GEORGE F. ELAM, M. D. The physician is a man who inspires confidence because he is worthy of it. His humanity is expressed and his interest in his patients is intensified by reason of the concern he has for them, as well as for the experience he may gain that may be for the benefit of future sufferers. A student who loves knowledge and a physician devoted to his profession, he is a careful investigator, and gives all the time he can find in his busy life to books and periodicals devoted to medicine and surgery. Such a man cannot fail to grow steadily in experience, usefulness and in public confidence. Among the eminent physicians of Marion County Arkansas, Dr. George F. Elam is well worthy of mention, for he is such a man as has been described. He was born in Cleveland County, N. C., April 15, 1847, a son of William T. and Cornelia (Royster) Elam, of North Carolina, and grandson of Dr. Anderson Elam, of Virginia. The latter rose to eminence in his profession, became a soldier of the Mexican War, and died in the Old North State at the extreme old age of ninety years. He was of Irish extraction and became the father of a large family. William T. Elam was reared in the State of his birth, was married there, and in 1851 emigrated to Arkansas, settling on a good farm in the vicinity of Yellville, where he successfully tilled the soil and raised stock. He came thither by wagon, became extremely well known, and was elected to the office of justice of the peace ten years and county assessor four years. He was a Democrat in politics, was a soldier in the Confederate Army, and died in 1884, much regretted by all who knew him. He was married twice and by his first wife, who was a native of Virginia, and was left an orphan at an early age, he became the father of three children: Mary J., wife of M. Pile, of Texas; Dr. George F., and Mar-garet, wife of C. C. Lowry, of this county. The mother's death occurred in 1853, after which Sarah Pruett became Mr. Elam's wife, and the mother of his five children: David L., of Boone County; William D., of this county; Dulcina, wife of O. Massie, of this county; Philip of this county, and John F., who resides in Polk County. The Doctor's father and mother were members of the Baptist Church. Dr. Elam has resided in this county since his fourth year, and in the common schools of this county he was educated. He began the study of medicine in 1867, but prior to this was a soldier in the Civil War, enlisting at Fayetteville, in the First Arkansas Cavalry, United States Army, under Col. Harrison, serving from January, 1863, until the middle of 1864, taking part in the engagement at Fayetteville, and followed Price through Missouri, participating in a number of important engagements. After the war he located three miles from Springfield, Missouri, and after living there one year came back to Marion County, Arkansas, and as above stated began the study of medicine in 1867 with Dr. G. W. Jobe, and began practicing two years later. After practicing his profession for some time he entered the Medical Department of the Arkan-sas Industrial Academy of Little Rock, where he earnestly pursued his studies for some time. In 1887 he graduated from the Little Rock Medical College, and during the twenty-five years that he has practiced the healing art, he has gained a widespread reputation and a liberal patronage among the best people of the county. He is recognized by his professional brethren as an exception-ally well-read physician and a surgeon of the best judgment, as a safe practitioner and an able counselor, and a citizen whose reputation is above reproach. He is president of the Marion County Medical Association, and is a member of the State Association. Politically he has ever been a Republican, and was appointed under Judge Owen as medical examiner of Marion County, and president of the board. He is the owner of a good farm of 207 acres near Bruno, which is farmed by his son, and in a business as well as professional way he has been successful. In 1866 he was married to Miss Rachel D. Mc-Entire, daughter of Champion and Sarah (Waters) McEntire (see sketch of William C. McEntire). Mrs. Elam was born June 5, 1840, and she and the Doctor have nine children: Mahuldah S., wife of Prof. R. B. Garrett; Mary N., wife of William E. Angle, of Bruno; William 0., Bishop L., George L., Alice M., John F., Robert W., and Cornelia A. Dr. Elam and his wife are members of the Missionary Baptist Church, and he has always taken an active part in church and school work, and is a public-spirited and useful citizen. Prof. B. R. Garrett, son-in-law of Dr. Elam, was born in the vicinity of where he now lives April 20, 1858, a son of T. H. and Henrietta (Hinson) Garrett, and grand-son of Thomas Garrett, who died in Tennessee a few years ago. T. H. Garrett was born and reared in that State, and in 1852 became a resident of Arkansas, the journey being made by wagon, and from that time until he was killed in 1864 he was engaged in tilling the soil in this county. Being exempt from army service he remained at home and was killed by Union scouts. He was a Democrat, a man of excellent reputation, and acquired considerable prop-erty. His widow is still living and makes her home with her children, being now in her seventy-eighth year. She was born in Tennessee, a daughter of George Hinson, of that State, and to her marriage the following children were given: William and Wesley, who were killed during the war while serving in the Fourteenth Arkansas Infantry; Lizzie, wife of Henry A. Fullbright; Para-siada C., wife of John Angle, of Bruno; Nancy A., wife of J. D. Wilson, of Har, rison, Arkansas; Jasper N., of Texas; James, of Washington County, Arkansas; Sarah, the deceased wife of Hilary Wilburn; Charity is the widow of Frank Dobbs. and resides in Arkansas; B. R.; and Margaret, wife of Mr. Phillips, of Eros. Prof. Garrett was reared on the farm on which he now lives, was educated in the country schools, the Hindsville, Arkansas, school, the school at Valley Springs, and the State University at Fayetteville, after which he took up the profession of teaching in addition to farming. He has had many years' expe-rience as an educator, helped to establish the Prairie Grove Academy in 1893, and is the capable principal of that institution which has a large attendance. His farm consists of 150 acres, and is tilled in an admirable and intelligent manner. He is in every sense of the word a self-made man, for he not only put himself through school, but at the same time supported his mother and sister. He is a Democrat politically, and has held the office of county examiner of teachers. He is a member of the Christian Church, as is also his wife, whom he married in 1885, and by whom he has four children: Una V., James A., Willard W., and an infant.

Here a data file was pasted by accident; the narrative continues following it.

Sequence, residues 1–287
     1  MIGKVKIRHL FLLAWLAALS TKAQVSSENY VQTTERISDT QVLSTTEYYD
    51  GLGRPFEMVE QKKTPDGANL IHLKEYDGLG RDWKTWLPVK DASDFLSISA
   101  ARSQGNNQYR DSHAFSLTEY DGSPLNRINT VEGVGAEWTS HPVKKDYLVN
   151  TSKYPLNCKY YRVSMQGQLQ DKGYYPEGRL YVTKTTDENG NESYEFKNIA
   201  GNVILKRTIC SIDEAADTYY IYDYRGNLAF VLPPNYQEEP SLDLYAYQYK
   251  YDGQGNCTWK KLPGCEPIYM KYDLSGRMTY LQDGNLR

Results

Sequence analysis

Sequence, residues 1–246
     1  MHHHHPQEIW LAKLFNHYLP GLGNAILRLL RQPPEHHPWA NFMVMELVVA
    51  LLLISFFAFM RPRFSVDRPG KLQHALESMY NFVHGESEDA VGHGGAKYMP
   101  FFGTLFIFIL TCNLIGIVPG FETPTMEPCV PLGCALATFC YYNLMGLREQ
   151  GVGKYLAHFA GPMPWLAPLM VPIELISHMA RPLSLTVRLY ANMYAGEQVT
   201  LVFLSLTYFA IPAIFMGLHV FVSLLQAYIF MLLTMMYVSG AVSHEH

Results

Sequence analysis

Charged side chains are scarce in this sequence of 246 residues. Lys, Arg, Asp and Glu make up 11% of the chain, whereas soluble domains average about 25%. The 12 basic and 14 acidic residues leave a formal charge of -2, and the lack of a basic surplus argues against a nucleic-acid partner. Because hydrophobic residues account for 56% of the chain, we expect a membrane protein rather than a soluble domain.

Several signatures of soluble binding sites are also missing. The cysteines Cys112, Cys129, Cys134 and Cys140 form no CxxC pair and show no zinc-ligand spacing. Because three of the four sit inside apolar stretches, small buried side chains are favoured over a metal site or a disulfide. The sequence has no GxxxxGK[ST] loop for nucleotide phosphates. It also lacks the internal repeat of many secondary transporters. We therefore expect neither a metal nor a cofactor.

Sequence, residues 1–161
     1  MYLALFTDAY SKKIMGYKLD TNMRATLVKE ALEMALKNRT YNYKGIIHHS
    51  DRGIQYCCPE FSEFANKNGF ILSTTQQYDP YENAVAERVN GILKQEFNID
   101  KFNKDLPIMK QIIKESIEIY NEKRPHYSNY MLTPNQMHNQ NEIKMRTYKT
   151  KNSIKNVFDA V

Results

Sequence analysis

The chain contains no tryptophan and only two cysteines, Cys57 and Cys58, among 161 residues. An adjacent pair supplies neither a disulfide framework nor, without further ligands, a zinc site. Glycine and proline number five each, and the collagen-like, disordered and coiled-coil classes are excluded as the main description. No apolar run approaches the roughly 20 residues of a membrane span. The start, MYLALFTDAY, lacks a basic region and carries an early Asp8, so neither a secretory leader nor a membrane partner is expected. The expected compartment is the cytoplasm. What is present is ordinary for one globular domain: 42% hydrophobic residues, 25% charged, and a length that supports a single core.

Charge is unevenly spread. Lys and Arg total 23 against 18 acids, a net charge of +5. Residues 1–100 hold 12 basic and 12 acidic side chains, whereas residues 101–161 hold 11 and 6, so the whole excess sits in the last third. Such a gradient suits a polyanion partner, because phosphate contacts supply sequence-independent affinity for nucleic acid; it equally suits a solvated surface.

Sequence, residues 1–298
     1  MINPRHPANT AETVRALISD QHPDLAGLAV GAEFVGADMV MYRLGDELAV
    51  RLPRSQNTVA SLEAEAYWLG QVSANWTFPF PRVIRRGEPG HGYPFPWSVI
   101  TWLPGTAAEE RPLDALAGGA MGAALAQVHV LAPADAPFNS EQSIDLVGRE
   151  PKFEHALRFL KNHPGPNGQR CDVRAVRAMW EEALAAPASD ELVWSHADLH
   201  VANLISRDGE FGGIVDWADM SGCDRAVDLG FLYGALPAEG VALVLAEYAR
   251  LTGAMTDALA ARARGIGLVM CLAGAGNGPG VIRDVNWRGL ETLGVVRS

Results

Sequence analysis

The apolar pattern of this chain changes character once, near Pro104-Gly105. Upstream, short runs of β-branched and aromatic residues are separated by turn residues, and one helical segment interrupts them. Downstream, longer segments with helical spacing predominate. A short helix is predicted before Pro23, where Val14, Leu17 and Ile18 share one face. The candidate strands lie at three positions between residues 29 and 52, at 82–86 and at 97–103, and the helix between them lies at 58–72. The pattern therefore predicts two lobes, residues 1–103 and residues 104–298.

Source: Reminiscent History Of The Ozark Region, pub. Goodspeed Brothers, Publishers, Chicago 1894